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The origins of Valentine’s Day

Like love itself, the start of the celebration is somewhat confusing
2014-02-14T06:25:00Z 2014-02-14T08:03:01Z The origins of Valentine’s DayRENEE BRONAUGH 573-518-3617 Daily Journal Online
February 14, 2014 6:25 am  • 

Across the United States and other places around the world, February is celebrated by loved ones by exchanging flowers, candy, and gifts, all in the name of St. Valentine. The question that may cross one’s mind is, who is this saint and where did these traditions come from?

February has long been celebrated as a month of romance, and Valentine's Day as we know it contains vestiges of both Christian and ancient Roman tradition. The problem is the Catholic Church recognizes at least three different saints named Valentine or Valentinus, all of whom where martyred.

According to history.com, one legend says that Valentine was a priest who served during the third century in Rome. He was known to perform marriages when in was outlawed by Emperor Claudius II who decided that single men without families made better soldiers. When he was discovered, the Emperor ordered him to be put to death.

Other stories suggest Valentine may have been killed for attempting to help Christians escape harsh Roman prisons where they were beaten and tortured. Another legend says an imprisoned Valentine actually sent the first "Valentine" greeting himself after falling in love with a young girl who may have been the jailer’s daughter.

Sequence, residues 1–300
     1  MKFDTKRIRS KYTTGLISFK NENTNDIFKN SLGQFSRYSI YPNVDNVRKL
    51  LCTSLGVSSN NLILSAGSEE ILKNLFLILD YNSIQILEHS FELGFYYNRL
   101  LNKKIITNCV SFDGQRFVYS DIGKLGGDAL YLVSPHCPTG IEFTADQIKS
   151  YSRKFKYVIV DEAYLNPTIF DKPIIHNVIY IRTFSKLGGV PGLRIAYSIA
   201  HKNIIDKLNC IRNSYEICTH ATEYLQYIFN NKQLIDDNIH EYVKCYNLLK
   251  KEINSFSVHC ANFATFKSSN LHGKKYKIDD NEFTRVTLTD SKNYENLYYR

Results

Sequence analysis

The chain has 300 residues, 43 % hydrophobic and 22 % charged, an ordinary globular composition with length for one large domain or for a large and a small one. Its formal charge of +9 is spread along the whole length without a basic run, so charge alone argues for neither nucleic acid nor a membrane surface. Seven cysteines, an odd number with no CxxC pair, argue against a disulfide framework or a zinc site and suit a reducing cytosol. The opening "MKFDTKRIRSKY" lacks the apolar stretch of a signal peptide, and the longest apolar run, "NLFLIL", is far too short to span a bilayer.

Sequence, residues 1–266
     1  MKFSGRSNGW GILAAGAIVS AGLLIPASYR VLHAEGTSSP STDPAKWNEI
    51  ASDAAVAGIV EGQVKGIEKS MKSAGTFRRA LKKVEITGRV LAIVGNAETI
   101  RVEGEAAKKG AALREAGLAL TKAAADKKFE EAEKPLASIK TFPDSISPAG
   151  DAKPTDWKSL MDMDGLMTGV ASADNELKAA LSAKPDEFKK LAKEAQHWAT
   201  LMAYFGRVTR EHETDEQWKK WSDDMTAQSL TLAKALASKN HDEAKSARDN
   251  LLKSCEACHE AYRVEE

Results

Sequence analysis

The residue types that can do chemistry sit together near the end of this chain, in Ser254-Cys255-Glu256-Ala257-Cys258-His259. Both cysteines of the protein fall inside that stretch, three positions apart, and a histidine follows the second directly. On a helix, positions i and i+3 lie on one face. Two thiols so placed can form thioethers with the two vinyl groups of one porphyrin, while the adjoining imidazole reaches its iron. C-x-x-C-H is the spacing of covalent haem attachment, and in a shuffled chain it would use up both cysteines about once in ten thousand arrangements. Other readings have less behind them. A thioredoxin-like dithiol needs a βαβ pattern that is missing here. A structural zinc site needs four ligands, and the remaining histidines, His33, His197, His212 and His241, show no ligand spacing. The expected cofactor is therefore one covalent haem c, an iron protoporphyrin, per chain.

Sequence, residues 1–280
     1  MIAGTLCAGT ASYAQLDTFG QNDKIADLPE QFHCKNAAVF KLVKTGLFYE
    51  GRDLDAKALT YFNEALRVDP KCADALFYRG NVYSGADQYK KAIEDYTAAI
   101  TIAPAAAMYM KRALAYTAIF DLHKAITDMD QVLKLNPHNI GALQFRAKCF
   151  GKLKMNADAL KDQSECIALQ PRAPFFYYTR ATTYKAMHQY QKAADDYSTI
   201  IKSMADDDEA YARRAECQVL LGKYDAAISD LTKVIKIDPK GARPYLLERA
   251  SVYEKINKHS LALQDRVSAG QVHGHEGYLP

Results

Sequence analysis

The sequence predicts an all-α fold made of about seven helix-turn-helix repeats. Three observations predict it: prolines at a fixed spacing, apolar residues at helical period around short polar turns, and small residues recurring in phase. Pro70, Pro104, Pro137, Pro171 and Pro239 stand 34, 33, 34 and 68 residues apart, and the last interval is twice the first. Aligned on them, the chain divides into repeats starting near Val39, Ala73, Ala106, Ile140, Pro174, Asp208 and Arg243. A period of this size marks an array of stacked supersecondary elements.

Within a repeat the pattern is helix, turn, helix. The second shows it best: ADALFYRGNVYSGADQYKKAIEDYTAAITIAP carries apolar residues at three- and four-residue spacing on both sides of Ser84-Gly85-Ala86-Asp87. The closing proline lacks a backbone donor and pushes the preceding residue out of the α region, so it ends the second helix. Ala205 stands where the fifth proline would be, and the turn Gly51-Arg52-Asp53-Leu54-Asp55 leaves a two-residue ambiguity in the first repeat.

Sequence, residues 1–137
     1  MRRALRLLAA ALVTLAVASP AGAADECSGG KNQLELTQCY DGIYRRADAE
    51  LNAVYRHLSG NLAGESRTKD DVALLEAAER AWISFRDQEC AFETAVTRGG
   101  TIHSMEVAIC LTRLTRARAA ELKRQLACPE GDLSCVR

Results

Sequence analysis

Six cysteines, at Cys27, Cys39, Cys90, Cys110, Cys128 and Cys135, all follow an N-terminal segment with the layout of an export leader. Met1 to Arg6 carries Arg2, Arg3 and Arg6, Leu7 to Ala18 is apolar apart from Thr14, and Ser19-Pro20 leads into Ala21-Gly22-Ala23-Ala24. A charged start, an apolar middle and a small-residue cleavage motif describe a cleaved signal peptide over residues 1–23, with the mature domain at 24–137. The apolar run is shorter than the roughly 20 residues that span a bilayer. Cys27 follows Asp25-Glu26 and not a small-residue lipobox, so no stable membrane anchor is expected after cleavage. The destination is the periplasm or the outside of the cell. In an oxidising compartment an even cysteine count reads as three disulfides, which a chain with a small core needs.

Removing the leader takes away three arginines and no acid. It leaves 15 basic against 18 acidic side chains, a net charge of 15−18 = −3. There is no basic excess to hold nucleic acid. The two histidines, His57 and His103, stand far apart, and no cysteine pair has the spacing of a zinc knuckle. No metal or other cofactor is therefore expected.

While some believe that Valentine's Day is celebrated in the middle of the month to commemorate the anniversary of Valentine's death or burial, others claim that the Christian church may have decided to place the St. Valentine's feast day in the middle of February in an effort to "Christianize" the pagan celebration of Lupercalia. This is celebrated the ides of February, or Feb. 15.  

In addition to the Lupercalia feast, all the young women in the city would place their name in an urn and the city's bachelors would draw a name and pin it to his sleeve. The two would be paired for the year, which would often end in marriage. This is where the expression "wearing your heart on your sleeve" comes from.

Lupercalia survived the initial rise of Christianity and was later outlawed around the end of the fifth century when Pope Gelasius declared Feb. 14 as St. Valentine's Day. During the Middle Ages, in England and France, Feb. 14 was believed to be the beginning of birds’ mating season. It wasn't until much later that the holiday was associated with human love and romance.

The oldest known Valentine still in existence today is a poem written in 1415 by Charles, Duke of Orleans, to his wife while he was imprisoned in the Tower of London following his capture at the Battle of Agincourt. The greeting is now a part of the manuscript collection of the British Library in London, England.

In the 18th century it was a common practice for friends and lovers to exchange handwritten notes or tokens of affection.

It wasn't until the 1840's that Esther A. Howland began creating and selling the first mass-produced Valentine’s in America. She was known as the "Mother of the Valentine" for making elaborate creations with lace, ribbons and pictures.

According to the Greeting Card Association, an estimated one billion Valentine's Day cards are sent each year, making Valentine's Day the second largest card selling holiday of the year ... Christmas being first with an estimated 2.6 billion cards sent each year.

In addition to the United States, Valentine's Day is celebrated in Canada, Mexico, the United Kingdom, France and Australia.   

Renee Bronaugh is a reporter for the Daily Journal and can be reached at 573-518-3617 or rbronaugh@dailyjournalonline.com

Copyright 2015 Daily Journal Online. All rights reserved. This material may not be published, broadcast, rewritten or redistributed.

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